19. Do you feel your child/children with ASD
has received/is receiving all additional
services due to them from the public school
system? Why or why not?
Majority of parents (i.e., 9/14) whose
child/children attend public school expressed
dissatisfaction regarding provision of services.
4/14 parents were thankful for services and/or
understand school’s limitation of funds, and 1/14
parent reported “not being sure.”
56
19. Do you feel your child/children with ASD has received/is
receiving all additional services due to them from the public
school system? Why or why not?
Reasons why parents were not
satisfied
-Child is not receiving all services
needed
-Child is receiving all services
needed, but not in adequate
frequency nor duration
-Parents feel they have to struggle
to obtain services at school, thus
have to acquire them privately
57
20. If not enrolled in public school, is your
child/children with ASD home-schooled or enrolled in
private school?
As reported by parents:
14
2
Children are
Children are
enrolled in
enrolled in
public schools private schools
1
Child is home
schooled
58
21. Has your child/children with ASD always been
home-schooled/enrolled in private school, or did you
withdraw your child/children from the public school
system?
Type of School
Always enrolled or withdrawn
from public school system ?
Private school
Participant 1 & 2
Withdrawn from public school
Home-school
Participant 3
Always home-schooled
59
22. If you withdrew your child/children from
the public school system, when and why did
you make this choice?
Participants
withdrawn from
public school to
private school
When parents
made choice
Reasons why
parents made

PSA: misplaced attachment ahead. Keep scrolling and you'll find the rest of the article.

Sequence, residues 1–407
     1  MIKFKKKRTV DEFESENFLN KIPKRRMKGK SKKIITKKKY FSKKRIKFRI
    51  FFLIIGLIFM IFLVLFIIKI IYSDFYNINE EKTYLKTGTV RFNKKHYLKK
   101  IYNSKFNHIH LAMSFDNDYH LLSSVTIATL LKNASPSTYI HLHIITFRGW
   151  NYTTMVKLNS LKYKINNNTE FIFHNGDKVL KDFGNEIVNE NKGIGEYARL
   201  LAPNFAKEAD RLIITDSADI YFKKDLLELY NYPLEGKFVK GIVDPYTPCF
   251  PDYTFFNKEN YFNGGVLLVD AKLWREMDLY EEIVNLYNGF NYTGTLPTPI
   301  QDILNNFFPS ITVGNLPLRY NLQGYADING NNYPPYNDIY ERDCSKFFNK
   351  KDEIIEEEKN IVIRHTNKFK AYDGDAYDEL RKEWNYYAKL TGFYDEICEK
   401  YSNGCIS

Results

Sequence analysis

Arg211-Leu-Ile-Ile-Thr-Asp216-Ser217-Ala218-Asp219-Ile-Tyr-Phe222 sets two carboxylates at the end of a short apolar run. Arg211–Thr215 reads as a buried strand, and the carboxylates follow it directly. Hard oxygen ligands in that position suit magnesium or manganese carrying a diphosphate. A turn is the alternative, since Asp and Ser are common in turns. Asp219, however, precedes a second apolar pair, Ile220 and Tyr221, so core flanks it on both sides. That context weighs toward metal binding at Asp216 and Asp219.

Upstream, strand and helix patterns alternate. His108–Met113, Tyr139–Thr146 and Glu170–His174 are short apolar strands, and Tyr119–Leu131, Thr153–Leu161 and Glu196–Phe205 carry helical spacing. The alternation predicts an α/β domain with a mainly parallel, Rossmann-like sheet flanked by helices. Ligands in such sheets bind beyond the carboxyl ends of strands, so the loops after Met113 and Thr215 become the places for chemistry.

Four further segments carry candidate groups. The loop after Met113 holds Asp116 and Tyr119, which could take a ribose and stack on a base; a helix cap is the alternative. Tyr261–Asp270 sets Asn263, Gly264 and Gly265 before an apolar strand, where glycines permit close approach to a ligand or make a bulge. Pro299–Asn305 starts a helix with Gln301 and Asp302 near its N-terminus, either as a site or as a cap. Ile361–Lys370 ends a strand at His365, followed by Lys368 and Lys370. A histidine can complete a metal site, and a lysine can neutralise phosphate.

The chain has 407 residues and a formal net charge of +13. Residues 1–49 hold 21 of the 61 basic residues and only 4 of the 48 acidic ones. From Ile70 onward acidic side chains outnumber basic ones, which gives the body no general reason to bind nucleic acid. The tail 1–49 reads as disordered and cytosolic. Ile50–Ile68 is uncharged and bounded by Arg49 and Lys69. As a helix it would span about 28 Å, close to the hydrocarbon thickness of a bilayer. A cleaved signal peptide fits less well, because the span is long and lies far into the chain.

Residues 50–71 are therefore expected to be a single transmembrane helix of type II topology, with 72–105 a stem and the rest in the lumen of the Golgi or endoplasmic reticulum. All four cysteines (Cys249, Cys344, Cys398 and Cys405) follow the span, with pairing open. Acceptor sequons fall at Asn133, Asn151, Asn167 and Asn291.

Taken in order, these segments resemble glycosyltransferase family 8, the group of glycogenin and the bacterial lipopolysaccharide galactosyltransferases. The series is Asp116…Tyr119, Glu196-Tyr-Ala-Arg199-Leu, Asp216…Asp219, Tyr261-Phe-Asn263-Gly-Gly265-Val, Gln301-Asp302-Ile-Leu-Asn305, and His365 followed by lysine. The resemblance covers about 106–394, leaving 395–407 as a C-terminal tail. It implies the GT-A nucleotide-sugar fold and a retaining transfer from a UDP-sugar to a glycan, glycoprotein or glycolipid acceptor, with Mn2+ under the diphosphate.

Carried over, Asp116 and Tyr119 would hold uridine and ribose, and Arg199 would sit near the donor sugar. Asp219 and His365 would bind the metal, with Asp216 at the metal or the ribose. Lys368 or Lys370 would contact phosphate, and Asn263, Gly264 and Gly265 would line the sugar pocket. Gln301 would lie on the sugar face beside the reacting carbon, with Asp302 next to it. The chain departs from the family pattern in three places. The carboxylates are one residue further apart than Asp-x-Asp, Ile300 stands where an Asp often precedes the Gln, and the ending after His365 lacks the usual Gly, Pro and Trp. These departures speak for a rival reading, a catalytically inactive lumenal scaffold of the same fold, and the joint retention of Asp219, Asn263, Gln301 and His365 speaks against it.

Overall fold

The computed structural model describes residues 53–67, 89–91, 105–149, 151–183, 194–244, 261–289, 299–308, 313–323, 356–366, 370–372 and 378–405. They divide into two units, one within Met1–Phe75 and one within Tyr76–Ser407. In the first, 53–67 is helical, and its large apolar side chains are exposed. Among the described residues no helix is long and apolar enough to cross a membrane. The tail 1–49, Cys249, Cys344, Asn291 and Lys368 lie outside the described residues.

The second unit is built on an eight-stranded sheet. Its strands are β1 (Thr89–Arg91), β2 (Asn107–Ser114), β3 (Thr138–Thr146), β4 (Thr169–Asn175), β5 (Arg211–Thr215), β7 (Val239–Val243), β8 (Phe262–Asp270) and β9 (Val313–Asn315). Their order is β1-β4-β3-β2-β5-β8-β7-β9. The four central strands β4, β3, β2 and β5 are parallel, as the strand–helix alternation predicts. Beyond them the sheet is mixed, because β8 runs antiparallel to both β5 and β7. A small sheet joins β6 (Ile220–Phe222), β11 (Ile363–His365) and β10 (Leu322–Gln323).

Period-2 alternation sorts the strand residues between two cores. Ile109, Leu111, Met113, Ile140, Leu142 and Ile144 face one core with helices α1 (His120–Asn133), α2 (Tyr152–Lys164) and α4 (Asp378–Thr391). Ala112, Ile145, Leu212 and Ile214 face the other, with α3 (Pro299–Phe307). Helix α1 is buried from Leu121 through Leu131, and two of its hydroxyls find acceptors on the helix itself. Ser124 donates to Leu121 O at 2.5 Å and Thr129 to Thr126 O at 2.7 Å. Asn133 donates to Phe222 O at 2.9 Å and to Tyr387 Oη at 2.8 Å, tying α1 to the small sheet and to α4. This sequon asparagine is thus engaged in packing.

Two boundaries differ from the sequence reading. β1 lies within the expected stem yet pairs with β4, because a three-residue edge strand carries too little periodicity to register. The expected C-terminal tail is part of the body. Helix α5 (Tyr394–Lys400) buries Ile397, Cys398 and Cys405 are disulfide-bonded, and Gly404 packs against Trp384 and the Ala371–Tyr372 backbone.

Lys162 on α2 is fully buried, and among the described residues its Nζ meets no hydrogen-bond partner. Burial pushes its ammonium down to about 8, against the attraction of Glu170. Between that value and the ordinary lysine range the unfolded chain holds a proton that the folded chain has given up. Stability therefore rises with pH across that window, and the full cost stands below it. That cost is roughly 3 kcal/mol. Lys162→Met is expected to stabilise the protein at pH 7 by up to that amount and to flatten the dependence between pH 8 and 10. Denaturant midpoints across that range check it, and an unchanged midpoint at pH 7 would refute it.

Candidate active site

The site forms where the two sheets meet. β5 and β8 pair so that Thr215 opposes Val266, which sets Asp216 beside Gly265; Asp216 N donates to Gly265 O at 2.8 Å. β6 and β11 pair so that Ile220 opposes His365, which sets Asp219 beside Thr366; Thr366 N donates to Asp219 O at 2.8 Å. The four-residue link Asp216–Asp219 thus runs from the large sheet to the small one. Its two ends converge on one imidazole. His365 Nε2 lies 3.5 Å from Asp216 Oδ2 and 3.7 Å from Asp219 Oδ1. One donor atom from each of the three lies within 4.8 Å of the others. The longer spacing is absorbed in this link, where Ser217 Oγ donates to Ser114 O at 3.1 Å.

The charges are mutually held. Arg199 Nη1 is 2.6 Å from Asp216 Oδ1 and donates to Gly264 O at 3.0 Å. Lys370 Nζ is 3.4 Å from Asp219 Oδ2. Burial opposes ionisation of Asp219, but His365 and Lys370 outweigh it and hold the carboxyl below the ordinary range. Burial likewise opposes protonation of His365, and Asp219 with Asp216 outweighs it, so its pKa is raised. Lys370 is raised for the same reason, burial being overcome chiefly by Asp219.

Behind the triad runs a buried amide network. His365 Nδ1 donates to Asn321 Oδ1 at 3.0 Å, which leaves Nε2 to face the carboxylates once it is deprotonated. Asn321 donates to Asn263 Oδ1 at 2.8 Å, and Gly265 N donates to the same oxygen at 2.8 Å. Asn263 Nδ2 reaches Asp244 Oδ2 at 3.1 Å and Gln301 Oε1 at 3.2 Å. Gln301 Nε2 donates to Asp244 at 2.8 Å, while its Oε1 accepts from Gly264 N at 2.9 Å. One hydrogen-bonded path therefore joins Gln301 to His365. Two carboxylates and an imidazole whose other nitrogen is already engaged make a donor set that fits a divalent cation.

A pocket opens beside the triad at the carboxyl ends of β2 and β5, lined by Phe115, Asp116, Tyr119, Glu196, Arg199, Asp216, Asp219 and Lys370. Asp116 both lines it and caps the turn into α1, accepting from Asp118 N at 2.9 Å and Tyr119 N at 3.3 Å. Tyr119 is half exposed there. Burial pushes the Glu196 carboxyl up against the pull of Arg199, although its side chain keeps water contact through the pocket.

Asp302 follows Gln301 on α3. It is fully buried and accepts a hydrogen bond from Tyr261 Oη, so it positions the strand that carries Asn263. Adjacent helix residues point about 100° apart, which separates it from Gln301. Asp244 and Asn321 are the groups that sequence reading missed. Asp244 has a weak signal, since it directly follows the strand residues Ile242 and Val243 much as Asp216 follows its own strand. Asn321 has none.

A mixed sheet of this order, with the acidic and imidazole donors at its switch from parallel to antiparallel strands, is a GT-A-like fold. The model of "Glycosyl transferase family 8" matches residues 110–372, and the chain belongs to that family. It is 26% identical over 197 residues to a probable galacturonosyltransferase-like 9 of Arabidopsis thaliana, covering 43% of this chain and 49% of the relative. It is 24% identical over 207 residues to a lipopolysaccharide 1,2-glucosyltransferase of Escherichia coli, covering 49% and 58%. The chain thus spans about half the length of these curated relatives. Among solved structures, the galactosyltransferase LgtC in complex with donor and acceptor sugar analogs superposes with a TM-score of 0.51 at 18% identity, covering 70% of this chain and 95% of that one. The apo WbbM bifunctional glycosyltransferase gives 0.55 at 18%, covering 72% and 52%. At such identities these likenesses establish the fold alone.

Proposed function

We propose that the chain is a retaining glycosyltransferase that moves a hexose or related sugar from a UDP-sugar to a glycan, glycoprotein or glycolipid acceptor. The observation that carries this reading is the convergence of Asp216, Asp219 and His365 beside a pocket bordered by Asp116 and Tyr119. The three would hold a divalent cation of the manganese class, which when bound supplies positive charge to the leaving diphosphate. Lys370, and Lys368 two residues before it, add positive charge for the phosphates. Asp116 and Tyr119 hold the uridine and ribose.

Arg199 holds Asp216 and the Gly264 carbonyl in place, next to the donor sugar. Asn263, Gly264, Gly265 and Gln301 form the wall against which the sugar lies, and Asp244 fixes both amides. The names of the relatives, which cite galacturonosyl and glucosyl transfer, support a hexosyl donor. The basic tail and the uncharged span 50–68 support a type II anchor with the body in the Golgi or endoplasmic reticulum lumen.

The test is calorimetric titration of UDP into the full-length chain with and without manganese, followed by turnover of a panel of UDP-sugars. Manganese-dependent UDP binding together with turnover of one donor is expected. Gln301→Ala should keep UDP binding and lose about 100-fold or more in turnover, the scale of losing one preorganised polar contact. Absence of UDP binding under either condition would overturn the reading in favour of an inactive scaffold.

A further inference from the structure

choice
Participant 1
A year ago (i.e.,
2012)
-Safety reasons
-Bullying
December, 2012
-Not receiving
adequate attention
or education
Participant 2
60
23. If your child/children with ASD is not enrolled in
the public school system, how are you obtaining the
full range of services that would be provided through
the public school?
Type of school
Private School
2 participants
Home School
1 participant
Services are obtained:
-Parents own funds and/or
private school
-Parents own funds
-Asking friends and
educational consultant for
advice
61
24. Please share any other information regarding
your child/children with ASD and your concerns
which have not been addressed in the preceding
questions.
“If it wasn’t for my efforts and pushing for services
and resources, both my children with autism could be
doing worse…”
“I worry about my child’s future, I want him to pay
attention and be independent. Maybe through
technology, ipad or computers, he could be able to do
so.”
“My main desire is for my son to have a friend…”
62
E. Highlights & Implications of Survey
Overall, what we learned from the survey on